Accident and Design: Contemporary Debates in Risk Management

By Christopher Hood; David K. C. Jones | Go to book overview

CHAPTER FIVE

Designing institutions: a house of cards?

THE FEASIBILITY OF INSTITUTIONAL DESIGN IN RISK MANAGEMENT

A fourth key element in contemporary risk management debates (more often implicit than fully articulated) turns on whether or not there is a reliable knowledge base on which to ground effective institutional design for risk management, and the extent to which the orthodox engineering approach to “design” can feasibly be extended to complex organizational structures, especially in social and sociotechnical systems. The majority of recommendations for change which come in the aftermath of major events/incidents/accidents, tend to be social and administrative, but it is in this very area (especially where complex systems are involved) where the greatest doubts arise about the reliability of the knowledge base on which institutional design can be built.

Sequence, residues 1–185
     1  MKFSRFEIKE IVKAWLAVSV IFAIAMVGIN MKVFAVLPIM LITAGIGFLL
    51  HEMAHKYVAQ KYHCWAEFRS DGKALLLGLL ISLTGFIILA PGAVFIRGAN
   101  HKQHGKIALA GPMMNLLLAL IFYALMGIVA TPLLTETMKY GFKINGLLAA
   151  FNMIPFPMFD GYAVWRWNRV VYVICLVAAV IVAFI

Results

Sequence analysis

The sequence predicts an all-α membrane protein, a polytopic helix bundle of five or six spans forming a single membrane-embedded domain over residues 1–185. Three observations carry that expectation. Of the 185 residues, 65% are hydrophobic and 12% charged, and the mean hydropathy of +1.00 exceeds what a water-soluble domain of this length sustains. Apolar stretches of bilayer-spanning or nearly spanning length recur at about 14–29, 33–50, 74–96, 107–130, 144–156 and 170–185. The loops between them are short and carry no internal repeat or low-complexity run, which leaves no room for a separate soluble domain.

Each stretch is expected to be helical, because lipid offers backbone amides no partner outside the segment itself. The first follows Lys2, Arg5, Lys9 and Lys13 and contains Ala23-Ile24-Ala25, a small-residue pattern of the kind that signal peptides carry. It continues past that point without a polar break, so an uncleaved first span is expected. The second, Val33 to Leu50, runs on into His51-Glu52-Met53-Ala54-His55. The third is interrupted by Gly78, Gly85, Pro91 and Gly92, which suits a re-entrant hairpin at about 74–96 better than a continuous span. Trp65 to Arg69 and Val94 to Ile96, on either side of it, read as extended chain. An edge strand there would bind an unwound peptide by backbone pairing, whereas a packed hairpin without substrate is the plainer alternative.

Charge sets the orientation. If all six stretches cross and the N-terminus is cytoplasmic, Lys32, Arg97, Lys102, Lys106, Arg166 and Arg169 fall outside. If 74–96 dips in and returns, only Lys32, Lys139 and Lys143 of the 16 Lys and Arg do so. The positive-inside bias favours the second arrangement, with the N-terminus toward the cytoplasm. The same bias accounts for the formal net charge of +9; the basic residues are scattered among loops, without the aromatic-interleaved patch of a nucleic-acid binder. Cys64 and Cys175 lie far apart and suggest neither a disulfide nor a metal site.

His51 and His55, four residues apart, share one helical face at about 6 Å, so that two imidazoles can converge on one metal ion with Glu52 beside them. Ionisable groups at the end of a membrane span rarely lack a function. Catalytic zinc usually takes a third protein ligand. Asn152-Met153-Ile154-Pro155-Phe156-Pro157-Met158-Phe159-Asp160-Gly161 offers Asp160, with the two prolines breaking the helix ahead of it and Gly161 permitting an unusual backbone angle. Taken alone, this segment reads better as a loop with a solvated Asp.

At one end of this spectrum are those who argue that sufficient understanding exists about how institutional design affects vulnerability to system failure and risk-taking behaviour for principles of good practice to be articulated with some confidence. For example, Breyer (1993) argues-perhaps against the temper of the times-that better-developed bureaucratic expertise along the lines of the French Conseil d'État is a better prospect for developing an approach to risk management that is authoritative, rationalized and insulated from “random agenda selection” than “recently fashionable” alternatives such as reliance on tort law or deregulation. Research in this area includes work on organizational vulnerability to major system failure (Horlick-Jones 1990,1991, Horlick-Jones & Peters 1990, Horlick-Jones et al. 1991); work on “high-reliability organizations” (Halpern 1989, Roberts 1989, Roberts & Gargano 1989, Rochlin 1989, Weick 1989; Sagan 1993:14-28 and passim); and the work of Reason (1990) and his colleagues on human error. Those who see considerable scope for the development of established principles of institutional design point to what they see as the cumulative growth of a recognized practice of corporate safety management since the mid-1980s, particularly in multinational corporations that have become concerned about the growing visibility and rising costs of large-scale accidents.

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